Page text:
So I promised Mar that I would write and describe how America has been. I thought I'd do it here and point people at it via email.
First of all, sorry I haven't been more talkative before... but work here is intense. The term finished last Friday with a 3 hour exam. Before that I'd had 5 other exams, plus 3 homeworks every week - most of which took at least a day to complete, often more. Not much time for anything but work; I've barely seen Chicago, for example.
The upside is that you learn a lot. I am slowly putting together a toolkit for formal theory. My scorecard so far - this is all on the mathematical side of things, ignoring the economics and political science for the moment:
unconstrained optimization [X]
constrained optimization [X]
linear programming [X]
fixed point theorems [X]
convexity [ ]
differential equations [ ]
probability [ ]
statistics [ ]
Of course there's lots more (and the last two are big gaps which I may not even begin to fill this year). But all these things should help. The next stage is really to get practice in using these things to do social science. So next term I'm taking a credit in independent study with David Austen-Smith. I'm hoping to look at how migration interacts with politics in non-democratic settings. Right now I'm getting a reading list of papers together: the idea is, I present them to him and we discuss them. I also want to try to develop a model myself.
So this is all very exciting. The people I mostly hang around with here are the first year economics PhDs. They are smart, usually straight out of school and with a variety of backgrounds - in particular, different mathematical levels, some are almost as bad as me, and some are going to graduate level algebraic topology courses in the Maths department. (I've had a fabulous course in real analysis from the same place.) Nobody is really sure what they are going to write about - all are too busy doing coursework. Thesis comes later.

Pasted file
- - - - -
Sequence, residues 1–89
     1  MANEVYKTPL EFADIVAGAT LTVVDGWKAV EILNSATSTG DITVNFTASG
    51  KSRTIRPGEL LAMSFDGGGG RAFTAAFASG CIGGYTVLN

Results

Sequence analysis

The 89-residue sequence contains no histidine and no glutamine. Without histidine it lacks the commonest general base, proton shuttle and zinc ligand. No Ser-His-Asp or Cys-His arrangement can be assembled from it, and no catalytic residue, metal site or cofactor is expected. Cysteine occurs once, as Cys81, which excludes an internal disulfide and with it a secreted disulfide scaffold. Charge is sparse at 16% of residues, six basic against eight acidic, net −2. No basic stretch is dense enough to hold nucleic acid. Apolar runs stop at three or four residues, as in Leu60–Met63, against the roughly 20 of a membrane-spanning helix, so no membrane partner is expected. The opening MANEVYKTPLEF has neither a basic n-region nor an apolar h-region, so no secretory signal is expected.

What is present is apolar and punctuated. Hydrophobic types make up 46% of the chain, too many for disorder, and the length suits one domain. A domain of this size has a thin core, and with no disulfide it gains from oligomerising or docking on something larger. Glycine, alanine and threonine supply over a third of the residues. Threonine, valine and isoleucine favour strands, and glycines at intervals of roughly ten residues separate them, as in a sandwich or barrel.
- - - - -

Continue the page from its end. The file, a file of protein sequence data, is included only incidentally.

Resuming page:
I'm also getting to see economics from the inside. It's very interesting. We tend to think of economics as imperialists - well, my preferred metaphor is barbarians from the steppes. In fact they are facing a bit of an internal challenge themselves, from more empirical work in experimental economics which tends to link up with psychology. There is also, as far as I can see, a feeling in the discipline that "economic theory" (i.e. the very abstract mathematical modelling side of things) has got rather out of control and out of touch. (I'm sure the feeling's not universal.) Interesting to see what will happen from here on. Despite all this, my mental map of the discipline is still very unclear. Something like: neoclassical revival 60s-70s [?], then along come game theory and economics of information, plus experimental economics. But I don't know the exact order of events, or how all these pieces fit together, or how they fit with e.g. public choice and political economy.
So that's the academic side. Soon I'll blog about the rest. But in all honesty, the academic side is 80% of it.
(Oh, one footnote... now term has finished I'm doing some of my own work, purely empirical... and I think I have an interesting positive result! w00t.)